Some of you have asked, so here's a brief history of Gods and Idols development. And my design philosophy as to why some things make it into the game, and some don't.
History Prototype 1.x of Gods and Idols went live in 2008, and ran until 2011. It was very limited, didn't really have a concept of creating planets, or asteroid belts for that matter. Buildings were just 6 ''stats'' that you clicked a button to increase. There were no resources.
Prototype 2.x went up in early 2012. It consisted of the asteroid belts and accretion minigame/planet creation. Several resources/tech trees/building systems were tested, rewritten, scrapped, re-imagined, and implemented during this period. Prototyping 2.x went on until 2014.
The current 3.x version began development in 2014.
Design philosophy There are a lot of things to consider when developing games, what to implement, how to implement it, and what effect it will have.
Early in 2.x I had a spell that spawned an asteroid which would hit your planet, causing some damage to buildings and killing population, but increase its base stats. At first glance, this seemed like a good trade-off: You get higher planet stats, at the cost of some destroyed buildings and lost population. In reality, you could just do Accretion, Seed, then immediately start spamming these spell asteroids. Since your capital planet can't die, it would always have at least 2 population. You just had to wait for Power to slowly trickle in, and cast the spell over and over.
This is really bad gameplay. Punishing people who ''actually play'' (Those that actually started building buildings), and rewarding people who just ''idle''.
Part of development is being able to stop yourself and say: ''No, this is bad. Remove it.'' Sometimes that's a feature you've spent months on.
Another example is the full planet zoom. In both 2.x and very early in 3.x development I experimented with being able to fly all the way right down to the planet surface, just a few meters off the ground. It looked amazing, and it felt really cool to fly around the terrain.
But, there was nothing there... To make it work I'd have to add foliage, details, buildings, roads, cities, people.
And if I do that, why can't you interact with them? So now we have a huge system where you can go super in-depth and look at individual buildings, micro-managing individual population on the planet surface!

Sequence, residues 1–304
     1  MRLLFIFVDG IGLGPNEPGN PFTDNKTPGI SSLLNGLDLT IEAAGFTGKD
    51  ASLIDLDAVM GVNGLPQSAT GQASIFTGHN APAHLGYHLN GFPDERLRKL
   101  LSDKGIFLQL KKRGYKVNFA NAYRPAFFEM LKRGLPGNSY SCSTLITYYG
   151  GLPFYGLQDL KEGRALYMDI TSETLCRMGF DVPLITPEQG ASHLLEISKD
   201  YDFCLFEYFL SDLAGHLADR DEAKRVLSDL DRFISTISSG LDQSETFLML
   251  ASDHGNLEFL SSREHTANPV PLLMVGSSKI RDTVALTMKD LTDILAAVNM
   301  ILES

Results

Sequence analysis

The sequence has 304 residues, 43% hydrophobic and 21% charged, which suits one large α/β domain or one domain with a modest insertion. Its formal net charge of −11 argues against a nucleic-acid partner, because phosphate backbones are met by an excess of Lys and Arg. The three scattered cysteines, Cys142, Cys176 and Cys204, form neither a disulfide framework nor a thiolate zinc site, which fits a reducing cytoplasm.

That's really cool!
But... is it feasible? Does it work long-term? And most importantly, is it actually fun? As it turns out, no, it's not feasible, doesn't work long-term, and it wasn't really fun once the novelty faded. Flying around an entire planet sounds cool in theory, in practice it's just tedious ''Ugh, now I have to fly back to the mine and change production...'' so you'd just end up using the building list to control things. During testing it very quickly became just an unused feature, there's no reason for the player to fly around at ground level, it doesn't give you the control you need.
This is the way development is. Some things might be super cool at first glance, but in the end they are nothing more than useless fluff that add nothing to gameplay. Things like these usually make for great bullsht ads, and buzzword filled interviews, but in the end doesn't give the player anything.
After all, what is the point of 18'446'744'073'709'551'616 No Mans Planets if there are only 6 different types? What is the point of being able to fly to the surface of a planet if you can't interact with it. What is the point of interacting at such low-micro-level if it just makes gameplay more tedious? And what is the point of placing buildings if the spell asteroid is just going to destroy them?
To take a very recent example: The haulers were substantially changed in patch 3.23.132 which came out just a day ago. Instead of goods being directly transported by the haulers, all buildings now automatically transfer, and collect, goods from the planet stockpile at a rate directly related to the number of haulers you have. Seeing resources tick, even at a slow rate, feels much better than not seeing them change at all. Especially when the dumb haulers just refuse to deliver that last damned bit of concrete to the construction site!!!11one *flips table* There are still tweaks to make here, for example the current system takes the number of haulers and divides it by the number of buildings to get a transfer speed. This should obviously be changed to number of haulers divided by the number of active productions/construction sites.
In the end, it's many little things like these that add to development time, and the reason why we have prototypes. Development of Gods and Idols has always been slow and steady, and that's what it will remain. I'm not making a game for you, I am making the game I want to make, a game I'd love to play. The moment you start making games for ''someone else'', is the moment the game dies.
And hey, if you happen to love the game I'm making, that is great and you're awesome! <3